Award winning actor, Samir Soni speaks to The Sunday Guardian on his new book, ‘My Experiments with Silence: The Diary of an Introvert’.

Samir Soni is an award-winning film, television and theatre actor. He was born and raised in Delhi. After finishing his schooling from St. Xavier’s High School in Delhi, Samir moved to Los Angeles for higher studies. He graduated (cum laude) from the University of California, Los Angeles, in business economics. Samir went on to work as a financial analyst in mergers and acquisitions for Merrill Lynch. After two years on Wall Street, he decided to chuck everything and moved back to India to pursue his true passion, acting. Over the last 25 years, he has won several awards and recognition for his work as actor in various mediums including web series. In 2018, he turned writer/director with his critically acclaimed debut film My Birthday Song, a psychological thriller, available on Netflix. Samir has been very vocal about the importance of mental health and challenging the meaning of the word “success” in society. He lives in Mumbai. He spoke on his book, My Experiments with Silence: The Diary Of An Introvert, published by Om Books International.
Q: Show business is a glamorous world filled with a lot of social events. As an introvert, did you find this lifestyle intimidating, or was it much easier than you reckoned it to be?
A: I don’t know if I would use the word “intimidating”, but definitely it was uncomfortable because that is not me. I come from a very conservative middle-class family where we didn’t have very big social functions, we had dinners with relatives and that’s about it. I remember when I started my career, I was nominated for my first film and after that, I disappeared. Then one of the biggest directors at that time told me “Samir, you have to be seen” and I didn’t know what that meant.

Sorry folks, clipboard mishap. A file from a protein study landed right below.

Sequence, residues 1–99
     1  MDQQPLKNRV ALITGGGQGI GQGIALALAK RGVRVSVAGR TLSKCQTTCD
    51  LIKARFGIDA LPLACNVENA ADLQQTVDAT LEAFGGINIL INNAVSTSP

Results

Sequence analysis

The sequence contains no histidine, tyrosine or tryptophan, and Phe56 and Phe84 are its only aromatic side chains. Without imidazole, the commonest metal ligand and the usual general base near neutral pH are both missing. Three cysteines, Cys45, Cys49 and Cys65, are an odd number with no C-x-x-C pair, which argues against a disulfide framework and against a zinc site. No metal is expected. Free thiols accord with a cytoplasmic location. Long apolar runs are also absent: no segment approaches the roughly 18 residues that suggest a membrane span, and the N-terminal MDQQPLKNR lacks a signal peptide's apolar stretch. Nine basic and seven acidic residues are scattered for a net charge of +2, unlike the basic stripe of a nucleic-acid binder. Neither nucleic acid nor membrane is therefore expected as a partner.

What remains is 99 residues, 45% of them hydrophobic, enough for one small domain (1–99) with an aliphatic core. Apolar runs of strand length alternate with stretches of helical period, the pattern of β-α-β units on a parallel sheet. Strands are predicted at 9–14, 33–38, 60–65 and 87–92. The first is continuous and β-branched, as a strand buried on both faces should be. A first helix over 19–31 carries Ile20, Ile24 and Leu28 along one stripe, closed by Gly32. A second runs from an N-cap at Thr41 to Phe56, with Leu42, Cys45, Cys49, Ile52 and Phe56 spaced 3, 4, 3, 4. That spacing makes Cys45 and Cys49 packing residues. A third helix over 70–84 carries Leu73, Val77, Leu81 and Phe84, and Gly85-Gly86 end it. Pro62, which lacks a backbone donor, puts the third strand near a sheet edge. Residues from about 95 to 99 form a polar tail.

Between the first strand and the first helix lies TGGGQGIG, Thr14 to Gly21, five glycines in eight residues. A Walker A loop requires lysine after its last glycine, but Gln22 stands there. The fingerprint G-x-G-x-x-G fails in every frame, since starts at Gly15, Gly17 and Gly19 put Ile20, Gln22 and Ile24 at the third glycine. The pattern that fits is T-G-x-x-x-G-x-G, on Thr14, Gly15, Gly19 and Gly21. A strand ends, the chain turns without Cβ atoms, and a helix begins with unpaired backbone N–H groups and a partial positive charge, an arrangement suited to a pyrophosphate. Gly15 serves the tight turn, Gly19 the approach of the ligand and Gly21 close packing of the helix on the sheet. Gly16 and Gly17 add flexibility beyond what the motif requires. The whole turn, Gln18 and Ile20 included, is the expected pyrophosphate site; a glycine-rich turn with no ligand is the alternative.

To me I thought my job was to act. I made my feeble efforts, there was this inner struggle of going back and forth “Should I make the effort? Or not?”. Some people just love to socialize but I don’t, so once in a while, I would make the effort but that would be so tiring. Now I’ve learned to accept myself for who I am, so I believe my work will speak for itself. This is the most challenging part which I still haven’t overcome but it has made me realize who I truly am and hopefully through the book people will realize that too.
Q: In the book, you talk about coming to terms with failures and accepting them as a part of the process. How do you cope with them now? How have those experiences contributed to your life?
A: There is a lot of emphasis on “hope” because here every project is a “hope”, not a guarantee. People around you might say it’s going to work out really well and you know you’re just one phone call away from getting busy and hitting a jackpot, for some people it does happen, and for a lot of people it doesn’t. Whenever something happens you look forward to it so as you start living not in the present moment but in the future moment where you believe it is going to happen, you build a lot on it. And when it doesn’t happen then the world comes crumbling down because you build such high hopes on it. It’s a hit-or-miss kind of business.
For example, Sholay, which is one of the biggest successes ever, was a washout in the first week because people didn’t like the film. There have been projects which I didn’t like but still went along and said yes to, and they later became huge. So there is no way of figuring out how this is going to go. Through the years you get accustomed to it and whether it’s failure or success you learn to detach yourself from it. Now I don’t get too excited about something good that happens or get pulled down if it doesn’t. To me once I’ve done my part, which is to perform in front of the camera or even write this book, I pretty much detach from it and believe what is bound to happen will happen. So do your job, give it your best and move on, live in the “now”.
Q: The book is not the usual celebrity-written book, but feels more like an inner monologue to which everyone can relate. Why did you decide to keep it open-ended? Was it intentional or just came naturally with your writing style?